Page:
Finding gold in West Virginia


Share with others:


Print Email Read Later

Prospectors are not the only optimists who tease gold from mountain streams.

West Virginia trout fishermen have been plucking gold from rivers and runs since 1963. In Pennsylvania streams, those bright gold trout stocked as a novelty by the Fish and Boat Commission trace their artificial creation to a West Virginia hatchery experiment.

In West Virginia's centennial year, 1963, Mountain Staters were seeking creative ways to commemorate their state's birth midway through the Civil War, when 55 of Virginia's western counties parted ways with the Confederacy and rejoined the Union as a separate state.

Vince Evans was eight years ahead of the celebration. Evans managed the West Virginia Division of Natural Resources' Petersburg trout hatchery in Grant County, and in 1955 he noticed something significant. Among thousands of rainbow trout fingerlings, Evans detected one lone trout sporting a streak of mottled gold.

Evans soon transferred to another hatchery nearby. His successor, Chester Mace, kept a close eye on the oddly gilded fish. Mace and Evans worked together for the next eight years, selectively spawning the gold-mottled trout's offspring until they'd forged a strain of all-golden trout, ready for release. In the spring of 1963, anglers got their first eye-popping introduction to the fish popularized as the West Virginia Centennial Golden Trout.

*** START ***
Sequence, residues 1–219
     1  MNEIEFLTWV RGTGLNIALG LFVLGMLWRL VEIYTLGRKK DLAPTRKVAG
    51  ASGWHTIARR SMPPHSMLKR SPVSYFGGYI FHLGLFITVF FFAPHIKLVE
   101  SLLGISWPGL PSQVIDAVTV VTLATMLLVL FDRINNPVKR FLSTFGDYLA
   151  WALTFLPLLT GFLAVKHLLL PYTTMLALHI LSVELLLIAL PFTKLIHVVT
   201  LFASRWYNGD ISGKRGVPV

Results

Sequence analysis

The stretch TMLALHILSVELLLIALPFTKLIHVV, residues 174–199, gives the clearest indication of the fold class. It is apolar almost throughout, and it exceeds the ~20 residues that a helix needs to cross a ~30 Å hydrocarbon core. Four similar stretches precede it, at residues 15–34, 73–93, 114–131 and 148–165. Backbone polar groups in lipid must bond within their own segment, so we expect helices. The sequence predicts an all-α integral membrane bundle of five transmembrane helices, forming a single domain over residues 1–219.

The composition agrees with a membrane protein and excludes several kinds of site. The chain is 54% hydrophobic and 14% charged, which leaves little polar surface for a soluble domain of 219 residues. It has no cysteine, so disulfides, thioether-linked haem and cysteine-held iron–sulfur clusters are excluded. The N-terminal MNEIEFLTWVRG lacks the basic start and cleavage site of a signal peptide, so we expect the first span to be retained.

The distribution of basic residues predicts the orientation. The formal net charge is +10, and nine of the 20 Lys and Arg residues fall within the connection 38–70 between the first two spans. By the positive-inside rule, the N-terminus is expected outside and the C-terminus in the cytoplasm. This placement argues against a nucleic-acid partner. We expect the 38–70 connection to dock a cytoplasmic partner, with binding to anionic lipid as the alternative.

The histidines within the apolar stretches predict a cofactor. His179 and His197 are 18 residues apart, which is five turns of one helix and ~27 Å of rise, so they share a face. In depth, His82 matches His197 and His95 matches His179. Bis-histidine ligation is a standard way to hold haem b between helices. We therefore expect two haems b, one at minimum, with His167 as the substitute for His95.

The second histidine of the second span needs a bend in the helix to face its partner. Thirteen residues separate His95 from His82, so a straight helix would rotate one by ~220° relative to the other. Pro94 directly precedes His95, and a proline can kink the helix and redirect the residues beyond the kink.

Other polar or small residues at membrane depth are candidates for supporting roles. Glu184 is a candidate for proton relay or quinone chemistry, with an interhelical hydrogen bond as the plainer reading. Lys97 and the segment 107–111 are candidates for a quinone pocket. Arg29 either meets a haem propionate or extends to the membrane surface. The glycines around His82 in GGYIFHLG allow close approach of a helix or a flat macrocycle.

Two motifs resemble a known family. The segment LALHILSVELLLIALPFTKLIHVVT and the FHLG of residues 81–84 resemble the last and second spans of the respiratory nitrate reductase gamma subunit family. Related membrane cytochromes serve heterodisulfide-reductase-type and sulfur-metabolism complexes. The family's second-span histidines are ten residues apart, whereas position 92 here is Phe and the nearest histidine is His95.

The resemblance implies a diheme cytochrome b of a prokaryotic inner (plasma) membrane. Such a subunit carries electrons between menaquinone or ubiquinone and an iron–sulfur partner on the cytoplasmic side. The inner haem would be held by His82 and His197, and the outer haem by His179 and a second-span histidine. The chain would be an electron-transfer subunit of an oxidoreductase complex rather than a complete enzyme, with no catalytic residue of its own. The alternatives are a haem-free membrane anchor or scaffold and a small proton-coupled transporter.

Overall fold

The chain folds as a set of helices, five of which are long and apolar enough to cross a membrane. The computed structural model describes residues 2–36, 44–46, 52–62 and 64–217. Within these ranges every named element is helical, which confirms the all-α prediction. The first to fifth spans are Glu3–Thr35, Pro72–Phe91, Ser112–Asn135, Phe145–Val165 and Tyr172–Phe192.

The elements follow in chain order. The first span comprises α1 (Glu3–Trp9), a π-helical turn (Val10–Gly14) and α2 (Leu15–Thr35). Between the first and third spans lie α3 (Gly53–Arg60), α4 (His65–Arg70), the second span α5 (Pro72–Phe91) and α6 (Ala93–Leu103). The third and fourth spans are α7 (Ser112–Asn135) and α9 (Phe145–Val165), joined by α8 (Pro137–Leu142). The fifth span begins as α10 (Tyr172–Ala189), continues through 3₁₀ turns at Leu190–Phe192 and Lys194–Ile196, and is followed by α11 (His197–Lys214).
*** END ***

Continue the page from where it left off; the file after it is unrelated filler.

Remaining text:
Trout fishing there has never been the same.

"The goldens are not as much of a novelty as they were when the DNR first put them out, but people still enjoy catching them," said Homer Tinney, the Petersburg hatchery's present-day manager. "I was a boy then but I remember when they first stocked them. A lot of them were tagged so the state could do a census on them, and people could get a reward if they caught a tagged one. [Officials] hoped the tags would increase the popularity, but I don't know if that was necessary. Those fish catch your attention."

According to Tinney, the difference between a golden trout and a rainbow is no more than skin deep.

"They are just like a rainbow -- they are a rainbow, with the same spawning cycle, same growth rates and susceptible to the same diseases," Tinney said. "The only difference is in the skin pigment."